The selfie today
We’ve being doing it for years, so why does the selfie feel like such a new creation? It could be to do with the sudden spike in the scale of how frequently these images are shared.
While this surge is a by-product of the internet age, the concept of spreading images is not new. Indeed, even the phenomenon of ‘Liking’ and obsessing over celebrity selfies goes back generations.
The 1860s showed a massive popularity for the sharing of Carte de Visite (little photo cards) amongst friends and house visitors. People began to collect portraits of their family, friends and celebrities and mounting them in photograph albums. Instead of logging into Instagram to get their celebrity fix, people in the 1800s would visit the local stationer to purchase these pictures.
While the craze for collecting celebrity Cartes de Visite reached its peak during the 1860s, they remained popular until the beginning of the 20th century, and these Cartes can still be found in large numbers, loose or in family albums – worth a quick look!
Photo credit: Science Museum blog
These days, the scale of images being shared on social media on a daily basis is truly astounding and sets it apart from any other trend in the history of imagery. A search on Instagram retrieves over 400,000,000 images uploaded with the selfie hashtag, and experts estimate that over 1,000,000 selfies are taken each day across the globe.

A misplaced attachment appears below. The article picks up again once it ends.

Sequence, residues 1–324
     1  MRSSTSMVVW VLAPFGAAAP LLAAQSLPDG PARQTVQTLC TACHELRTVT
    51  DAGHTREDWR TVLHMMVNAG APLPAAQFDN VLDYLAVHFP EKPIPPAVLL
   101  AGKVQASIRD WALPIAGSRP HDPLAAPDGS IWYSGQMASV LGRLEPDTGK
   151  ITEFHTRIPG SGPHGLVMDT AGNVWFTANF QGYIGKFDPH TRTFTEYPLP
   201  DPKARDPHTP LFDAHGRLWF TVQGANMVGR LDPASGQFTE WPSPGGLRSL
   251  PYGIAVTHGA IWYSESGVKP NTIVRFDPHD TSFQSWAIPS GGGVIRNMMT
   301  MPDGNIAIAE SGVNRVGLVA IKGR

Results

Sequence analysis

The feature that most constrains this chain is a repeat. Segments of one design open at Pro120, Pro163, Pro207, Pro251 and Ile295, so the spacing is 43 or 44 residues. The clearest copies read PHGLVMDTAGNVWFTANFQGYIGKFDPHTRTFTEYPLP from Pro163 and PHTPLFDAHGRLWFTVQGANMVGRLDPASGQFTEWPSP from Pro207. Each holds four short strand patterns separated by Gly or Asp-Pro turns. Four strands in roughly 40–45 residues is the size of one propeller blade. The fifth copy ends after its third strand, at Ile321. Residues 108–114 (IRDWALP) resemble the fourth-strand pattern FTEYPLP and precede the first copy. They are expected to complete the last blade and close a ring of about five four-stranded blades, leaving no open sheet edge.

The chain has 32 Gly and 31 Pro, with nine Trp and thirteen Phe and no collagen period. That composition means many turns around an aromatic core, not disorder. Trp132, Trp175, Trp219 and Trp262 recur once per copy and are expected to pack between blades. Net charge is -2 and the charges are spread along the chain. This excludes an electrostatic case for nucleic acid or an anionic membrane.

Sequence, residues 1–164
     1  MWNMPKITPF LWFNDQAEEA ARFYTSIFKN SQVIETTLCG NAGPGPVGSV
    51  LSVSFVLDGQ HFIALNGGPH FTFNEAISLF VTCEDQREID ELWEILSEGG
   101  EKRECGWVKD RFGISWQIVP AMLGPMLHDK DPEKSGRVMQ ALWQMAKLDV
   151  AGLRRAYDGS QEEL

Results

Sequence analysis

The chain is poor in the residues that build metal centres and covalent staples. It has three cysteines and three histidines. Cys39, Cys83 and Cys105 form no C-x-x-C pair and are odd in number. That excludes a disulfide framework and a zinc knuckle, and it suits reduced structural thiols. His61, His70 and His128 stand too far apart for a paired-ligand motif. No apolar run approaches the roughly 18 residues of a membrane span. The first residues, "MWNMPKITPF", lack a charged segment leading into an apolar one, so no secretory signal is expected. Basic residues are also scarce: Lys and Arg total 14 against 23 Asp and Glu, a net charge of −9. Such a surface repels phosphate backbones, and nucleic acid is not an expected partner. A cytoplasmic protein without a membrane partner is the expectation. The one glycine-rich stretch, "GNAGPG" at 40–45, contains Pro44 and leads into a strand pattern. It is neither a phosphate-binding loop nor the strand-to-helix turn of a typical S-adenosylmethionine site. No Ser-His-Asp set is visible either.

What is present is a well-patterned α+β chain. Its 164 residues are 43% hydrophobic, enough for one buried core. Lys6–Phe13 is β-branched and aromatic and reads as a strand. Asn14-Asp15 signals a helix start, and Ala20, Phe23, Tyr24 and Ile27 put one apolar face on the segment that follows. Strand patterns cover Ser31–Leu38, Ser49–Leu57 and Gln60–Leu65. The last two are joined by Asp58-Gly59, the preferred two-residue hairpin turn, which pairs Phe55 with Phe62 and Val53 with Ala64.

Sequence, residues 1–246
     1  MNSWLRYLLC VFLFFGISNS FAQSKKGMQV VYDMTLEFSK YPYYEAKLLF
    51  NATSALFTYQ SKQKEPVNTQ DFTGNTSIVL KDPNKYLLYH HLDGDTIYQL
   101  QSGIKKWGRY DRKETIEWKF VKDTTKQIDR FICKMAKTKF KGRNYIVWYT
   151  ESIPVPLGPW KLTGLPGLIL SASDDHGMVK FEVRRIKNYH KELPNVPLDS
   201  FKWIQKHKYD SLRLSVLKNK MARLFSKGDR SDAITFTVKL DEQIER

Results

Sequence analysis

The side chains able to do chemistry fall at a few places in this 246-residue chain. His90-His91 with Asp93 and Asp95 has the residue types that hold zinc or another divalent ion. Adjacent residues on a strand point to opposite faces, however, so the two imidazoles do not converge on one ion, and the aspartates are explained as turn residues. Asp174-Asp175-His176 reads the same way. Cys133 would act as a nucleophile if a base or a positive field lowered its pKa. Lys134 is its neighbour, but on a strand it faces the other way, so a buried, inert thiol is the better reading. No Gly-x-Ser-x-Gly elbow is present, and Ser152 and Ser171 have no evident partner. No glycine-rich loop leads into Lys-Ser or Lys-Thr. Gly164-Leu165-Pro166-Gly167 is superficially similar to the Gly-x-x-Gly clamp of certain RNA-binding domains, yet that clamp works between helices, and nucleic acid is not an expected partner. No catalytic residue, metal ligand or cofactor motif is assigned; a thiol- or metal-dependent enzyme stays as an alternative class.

So harnessing the incredible power and relevance of the selfie can be a great hook for your lessons.
In the next section we’ll utilise the excitement around selfies by asking young people to take one and then use it as a catalyst for work exploring their hopes, dreams and aspirations. While the selfie gets quite a lot of stick from media commentators, who discuss its vacuous and self-satisfying use, it is also incredibly important to today’s youth and can be seen as a positive phenomenon.
Body image advocate Margarita Tartakovsky argues that taking selfies can be therapeutic, and gives young people the motivation to really analyse and digest what is happening around them.
‘If we’re taking a photo of an object or our natural surroundings, we’re paying attention. We’re listening. We’re absorbing an object’s lines, a park’s multicoloured leaves. If we’re taking a photo of ourselves, we’re seeing ourselves. Really seeing. We’re listening, too. We’re acknowledging.’
Obviously it is key that there is also be awareness of the negative side of the selfie. An obsession with gaining social media acceptance can lead to ‘phone separation anxiety’ amongst young people as well as creating an unrealistic and unhealthy idea of body image. However working with this medium will give teachers an opportunity to discuss both the positive and negative effects of this phenomenon.
Do you take many selfies? If so, in what context and why do you do it? Do you think harnessing the power of the selfie would be powerful in your class for literacy teaching?
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